Many newbies get a surprise the first time they buy a turntable. When they plug it into their amplifier, they realise there’s something strange about the sound. What many don’t realise is that all turntables need to be connected to a special input, often called phono stage, RIAA stage or simply turntable input.
Many amplifiers and some turntables have a so-called RIAA stage built in, which solves the problem of the “weird sound”.
Of course, the seasoned audiophile knows this.
This is the group that most often spends a little extra money on the sound and buys separate RIAA stages. Usually because the amplifier’s built-in isn’t good enough, and to get the most out of the grooves, they invest in both a really good cartridge and an RIAA stage.
For the first group, the solution may be a budget-friendly RIAA stage from well-known manufacturers such as Rega and Pro-Ject. For audiophiles, the choice is much wider and prices reach heights you wouldn’t have thought possible. €100,000? Sure, or more if you really want to splurge on an expensive RIAA stage.
Fortunately, the Italian Gold Note PH-10 is not quite that expensive.
It’s a compact RIAA stage, or phono stage as many call it, that can do a little more than expected. Gold Note is a fairly young company, founded in 2012 and thus considerably younger than Sonus faber, for example. Gold Note is based not far from Florence and, like many other Italian companies, is inspired by the dazzlingly beautiful nature of Tuscany.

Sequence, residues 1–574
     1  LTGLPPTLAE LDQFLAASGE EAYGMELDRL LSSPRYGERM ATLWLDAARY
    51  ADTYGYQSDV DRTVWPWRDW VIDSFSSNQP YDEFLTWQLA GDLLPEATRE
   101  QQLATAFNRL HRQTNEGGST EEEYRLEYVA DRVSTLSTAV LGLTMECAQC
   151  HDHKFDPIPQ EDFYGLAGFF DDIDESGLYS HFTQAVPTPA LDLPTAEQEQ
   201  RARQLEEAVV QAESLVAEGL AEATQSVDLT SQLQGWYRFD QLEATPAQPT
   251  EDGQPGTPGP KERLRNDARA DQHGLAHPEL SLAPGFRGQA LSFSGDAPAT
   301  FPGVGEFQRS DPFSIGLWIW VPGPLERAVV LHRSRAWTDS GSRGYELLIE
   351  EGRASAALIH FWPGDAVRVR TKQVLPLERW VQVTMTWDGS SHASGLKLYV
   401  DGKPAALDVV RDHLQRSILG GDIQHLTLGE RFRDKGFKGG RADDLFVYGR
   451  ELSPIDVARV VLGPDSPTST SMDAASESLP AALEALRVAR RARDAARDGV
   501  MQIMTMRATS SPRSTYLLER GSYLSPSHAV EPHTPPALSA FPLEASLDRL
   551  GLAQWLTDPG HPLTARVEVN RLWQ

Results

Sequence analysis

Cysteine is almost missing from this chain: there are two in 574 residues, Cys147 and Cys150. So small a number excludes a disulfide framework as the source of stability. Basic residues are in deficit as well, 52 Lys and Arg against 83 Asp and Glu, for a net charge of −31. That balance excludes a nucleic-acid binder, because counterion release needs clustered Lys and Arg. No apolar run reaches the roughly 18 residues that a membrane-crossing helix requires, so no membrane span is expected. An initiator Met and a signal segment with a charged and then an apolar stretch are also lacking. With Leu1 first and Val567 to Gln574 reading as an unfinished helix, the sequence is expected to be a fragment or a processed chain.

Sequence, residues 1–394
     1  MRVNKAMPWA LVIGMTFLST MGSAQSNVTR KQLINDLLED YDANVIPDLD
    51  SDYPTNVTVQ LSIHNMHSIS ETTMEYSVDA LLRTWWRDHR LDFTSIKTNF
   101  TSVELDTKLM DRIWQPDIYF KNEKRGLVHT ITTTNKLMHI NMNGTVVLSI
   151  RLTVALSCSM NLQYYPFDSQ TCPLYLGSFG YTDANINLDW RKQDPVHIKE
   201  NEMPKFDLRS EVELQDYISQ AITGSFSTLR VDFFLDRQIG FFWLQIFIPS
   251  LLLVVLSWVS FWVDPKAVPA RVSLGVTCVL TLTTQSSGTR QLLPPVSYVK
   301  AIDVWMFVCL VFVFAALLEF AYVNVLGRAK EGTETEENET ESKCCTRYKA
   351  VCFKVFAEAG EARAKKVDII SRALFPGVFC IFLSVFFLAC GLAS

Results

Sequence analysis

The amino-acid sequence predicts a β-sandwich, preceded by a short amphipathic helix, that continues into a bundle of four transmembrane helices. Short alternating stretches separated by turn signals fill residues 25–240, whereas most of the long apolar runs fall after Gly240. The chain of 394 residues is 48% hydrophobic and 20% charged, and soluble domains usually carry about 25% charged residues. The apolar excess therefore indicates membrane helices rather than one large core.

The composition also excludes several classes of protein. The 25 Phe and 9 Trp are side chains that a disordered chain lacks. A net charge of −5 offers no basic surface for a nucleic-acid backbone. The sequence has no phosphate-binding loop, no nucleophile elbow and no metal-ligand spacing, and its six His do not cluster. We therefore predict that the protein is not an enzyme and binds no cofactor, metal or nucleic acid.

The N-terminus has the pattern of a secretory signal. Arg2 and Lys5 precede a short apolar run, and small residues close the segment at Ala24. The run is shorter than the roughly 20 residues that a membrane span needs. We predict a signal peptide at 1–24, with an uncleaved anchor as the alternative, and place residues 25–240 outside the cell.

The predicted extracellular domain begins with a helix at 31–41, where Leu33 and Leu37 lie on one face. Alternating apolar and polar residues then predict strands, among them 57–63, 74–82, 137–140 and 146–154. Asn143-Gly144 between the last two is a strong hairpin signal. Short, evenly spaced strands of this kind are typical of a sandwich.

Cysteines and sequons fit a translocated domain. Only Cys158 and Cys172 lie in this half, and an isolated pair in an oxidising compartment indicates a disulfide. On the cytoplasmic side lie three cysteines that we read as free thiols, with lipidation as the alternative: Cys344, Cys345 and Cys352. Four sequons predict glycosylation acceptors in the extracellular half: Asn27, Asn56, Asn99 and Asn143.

The Mediterraneo turntable has a plinth that looks like it was inspired by the rolling hills of Tuscany, and some of the company’s products bear famous Italian names such as Donatello and Machiavelli.
But first, a quick explanation. RIAA is the acronym for Record Industry Association of America, a trade association for the recording industry in the US. But it’s also a technical standard for vinyl records and describes the frequency curve used for vinyl pressings.
This curve looks like an ascending diagonal on a chart, where the lowest frequencies are attenuated while the highest frequencies are amplified. This saves groove width, allowing more music to fit on an LP side.
Therefore, to play a vinyl record with RIAA-EQ, you need an RIAA stage that compensates for the RIAA curve.
All phono stages, turntable inputs or RIAA stages have this RIAA EQ. This applies regardless of whether you have an MM or MC (Moving Magnet and Moving Coil) pickup. However, the Gold Note PH-10 also has the Decca-London and Columbia recording curves, which are roughly similar to the RIAA curve, but they are largely only relevant for collectors with very old recordings that were recorded with these recording curves.
For the vast majority of people, RIAA applies, and it’s been that way for 60 years.
Set everything yourself
On the Gold Note PH-10, you can see the selected recording curve on a small colour screen. It also shows whether you are using MM or MC pickup, gain in dB, load impedance and which of the two inputs you have selected.
The PH-10 has inputs for two pickups and turntables, as well as both balanced and unbalanced outputs. It also has a dedicated DIN connector for an external power supply. For example, the Gold Note PSU-10 power supply that we used to test the PH-10.
There is also a USB input on the back for any software updates.
As with many other expensive RIAA stages, you can set the load impedance of the pickup yourself. Most MC pickups need between 50 and 200 ohms, but some are extra sensitive and work best below 50 ohms, while others need a much higher load impedance.
Here you can set it from 10, 22, 47, 100, 220, 470, 1,000 and 22k to 47k ohms. The latter is only used for MM pickups or some MC pickups with very high output voltage.
All of this, including gain, can be set from the potentiometer on the front, so you don’t have to unscrew the top cover to flip hopelessly small dip switches to the correct position on a circuit board. All settings can be made with a push and turn of the potentiometer, and can be done without interrupting the signal or power.